9.29 Introduction to Computational Neuroscience (2004)
Added almost 6 years ago | 01:18:00 | 7084 views
In this first lecture of the class, an overview of the course structure is provided, followed by the dual definition of Computational Neuroscience as A) using a computer to study the brain, and B) studying the brain as a computer, then a...
Added almost 6 years ago | 01:21:00 | 5494 views
In this lecture, we'll learn about two mathematical operations that are commonly used in signal processing, convolution and correlation. The convolution is used to linearly filter a signal, for example to smooth a spike train to estimate...
Added almost 6 years ago | 01:06:00 | 5953 views
MATLAB is a powerful software package for matrix manipulation. It’s a very useful language not only for this class, but for a variety of scientific applications, and is used widely thoughout industry. Just as when you have a hammer, ever...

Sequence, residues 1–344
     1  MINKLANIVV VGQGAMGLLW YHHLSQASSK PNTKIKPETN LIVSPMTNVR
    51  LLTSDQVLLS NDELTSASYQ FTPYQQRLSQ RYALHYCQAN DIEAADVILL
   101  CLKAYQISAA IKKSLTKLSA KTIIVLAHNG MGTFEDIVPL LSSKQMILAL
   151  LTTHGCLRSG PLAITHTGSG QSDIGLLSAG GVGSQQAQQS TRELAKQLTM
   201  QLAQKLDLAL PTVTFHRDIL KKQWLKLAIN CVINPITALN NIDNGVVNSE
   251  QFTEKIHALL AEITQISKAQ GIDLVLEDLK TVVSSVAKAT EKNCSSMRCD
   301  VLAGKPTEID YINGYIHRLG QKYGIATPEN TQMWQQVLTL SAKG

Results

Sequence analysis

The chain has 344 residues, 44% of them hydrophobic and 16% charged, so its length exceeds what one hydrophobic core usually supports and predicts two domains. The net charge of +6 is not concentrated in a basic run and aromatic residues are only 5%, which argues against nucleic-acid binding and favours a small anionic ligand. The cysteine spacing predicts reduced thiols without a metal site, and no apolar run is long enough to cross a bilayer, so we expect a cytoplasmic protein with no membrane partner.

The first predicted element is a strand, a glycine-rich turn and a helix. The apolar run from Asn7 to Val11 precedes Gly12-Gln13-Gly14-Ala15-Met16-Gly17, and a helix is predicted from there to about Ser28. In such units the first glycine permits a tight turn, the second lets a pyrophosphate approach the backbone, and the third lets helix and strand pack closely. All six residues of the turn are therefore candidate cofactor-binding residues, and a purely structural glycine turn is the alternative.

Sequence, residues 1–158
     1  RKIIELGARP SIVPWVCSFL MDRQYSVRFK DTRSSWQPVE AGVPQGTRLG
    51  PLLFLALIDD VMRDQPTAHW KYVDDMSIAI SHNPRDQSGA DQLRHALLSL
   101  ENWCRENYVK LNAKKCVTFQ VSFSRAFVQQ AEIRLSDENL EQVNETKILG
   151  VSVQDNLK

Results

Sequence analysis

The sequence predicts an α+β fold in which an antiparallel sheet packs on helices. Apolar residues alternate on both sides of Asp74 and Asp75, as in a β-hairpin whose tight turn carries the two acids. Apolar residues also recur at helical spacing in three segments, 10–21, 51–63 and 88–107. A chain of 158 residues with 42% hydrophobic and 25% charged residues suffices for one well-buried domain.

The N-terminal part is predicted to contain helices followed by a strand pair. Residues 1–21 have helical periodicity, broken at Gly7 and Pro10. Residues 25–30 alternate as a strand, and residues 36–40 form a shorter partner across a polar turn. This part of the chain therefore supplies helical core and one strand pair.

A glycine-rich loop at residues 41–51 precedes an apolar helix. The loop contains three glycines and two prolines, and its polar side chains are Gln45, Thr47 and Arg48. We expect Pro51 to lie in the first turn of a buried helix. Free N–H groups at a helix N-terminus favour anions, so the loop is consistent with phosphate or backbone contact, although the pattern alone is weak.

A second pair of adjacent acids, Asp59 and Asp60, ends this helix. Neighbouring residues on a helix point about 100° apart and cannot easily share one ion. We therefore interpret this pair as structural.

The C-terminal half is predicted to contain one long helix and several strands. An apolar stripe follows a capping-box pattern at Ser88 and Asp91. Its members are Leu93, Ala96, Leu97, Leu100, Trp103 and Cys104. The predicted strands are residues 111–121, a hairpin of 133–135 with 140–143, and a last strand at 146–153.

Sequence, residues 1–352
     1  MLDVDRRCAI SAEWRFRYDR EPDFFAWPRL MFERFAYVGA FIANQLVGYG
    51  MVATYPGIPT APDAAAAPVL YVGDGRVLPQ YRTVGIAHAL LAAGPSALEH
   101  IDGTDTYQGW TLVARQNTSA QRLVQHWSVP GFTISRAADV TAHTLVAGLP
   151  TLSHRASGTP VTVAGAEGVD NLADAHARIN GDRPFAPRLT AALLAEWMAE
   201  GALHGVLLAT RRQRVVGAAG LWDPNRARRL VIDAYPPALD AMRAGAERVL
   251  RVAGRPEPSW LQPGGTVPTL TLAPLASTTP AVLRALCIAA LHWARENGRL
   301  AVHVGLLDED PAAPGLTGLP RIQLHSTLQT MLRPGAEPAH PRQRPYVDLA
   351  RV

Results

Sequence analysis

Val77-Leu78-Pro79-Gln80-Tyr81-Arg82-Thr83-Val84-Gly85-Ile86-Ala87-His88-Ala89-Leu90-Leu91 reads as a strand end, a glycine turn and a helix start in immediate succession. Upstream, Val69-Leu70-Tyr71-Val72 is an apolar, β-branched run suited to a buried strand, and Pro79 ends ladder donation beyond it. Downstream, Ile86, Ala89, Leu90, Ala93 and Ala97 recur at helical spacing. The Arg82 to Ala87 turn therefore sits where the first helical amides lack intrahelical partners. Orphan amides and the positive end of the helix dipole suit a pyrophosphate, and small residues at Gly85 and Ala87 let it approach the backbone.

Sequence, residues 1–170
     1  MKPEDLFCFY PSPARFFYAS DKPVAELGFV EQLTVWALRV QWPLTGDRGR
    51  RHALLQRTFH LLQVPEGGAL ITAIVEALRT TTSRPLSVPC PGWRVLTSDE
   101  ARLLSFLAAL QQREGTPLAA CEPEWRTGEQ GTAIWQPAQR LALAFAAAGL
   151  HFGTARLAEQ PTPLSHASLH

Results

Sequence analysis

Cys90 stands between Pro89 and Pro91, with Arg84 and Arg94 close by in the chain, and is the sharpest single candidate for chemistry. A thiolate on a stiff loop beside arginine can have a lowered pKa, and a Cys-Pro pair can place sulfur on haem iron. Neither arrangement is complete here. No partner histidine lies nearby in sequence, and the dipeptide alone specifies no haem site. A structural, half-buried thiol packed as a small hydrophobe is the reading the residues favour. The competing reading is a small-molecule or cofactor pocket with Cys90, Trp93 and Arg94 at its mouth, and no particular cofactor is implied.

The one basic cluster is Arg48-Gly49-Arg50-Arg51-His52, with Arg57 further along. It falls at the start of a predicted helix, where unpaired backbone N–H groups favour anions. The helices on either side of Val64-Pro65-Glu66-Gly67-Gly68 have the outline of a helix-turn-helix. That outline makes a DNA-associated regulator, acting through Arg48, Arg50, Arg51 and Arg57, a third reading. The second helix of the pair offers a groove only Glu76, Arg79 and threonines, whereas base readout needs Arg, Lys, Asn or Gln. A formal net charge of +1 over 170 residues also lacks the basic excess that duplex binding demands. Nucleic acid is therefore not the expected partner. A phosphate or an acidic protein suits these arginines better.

Added almost 6 years ago | 01:18:00 | 4489 views
In this lecture the famous Wiener-Hopf equations are introduced, and it is shown how they can be used to calculate the filter in a model of the neuron, where the output is a linear filtration of the stimulus. In addition, convolution an...
Added almost 6 years ago | 01:18:00 | 4024 views
In this lecture, the discussion of the Weiner Hopf equations is continued, applying this to white noise analysis, and spike train averaging. An introduction to the basics of the visual system, and visual receptive fields is given.
- 9.29 Introduction to Computational Neuroscience (2004) (hebb.mit.edu/courses/9.29/2004/lectures/index.html)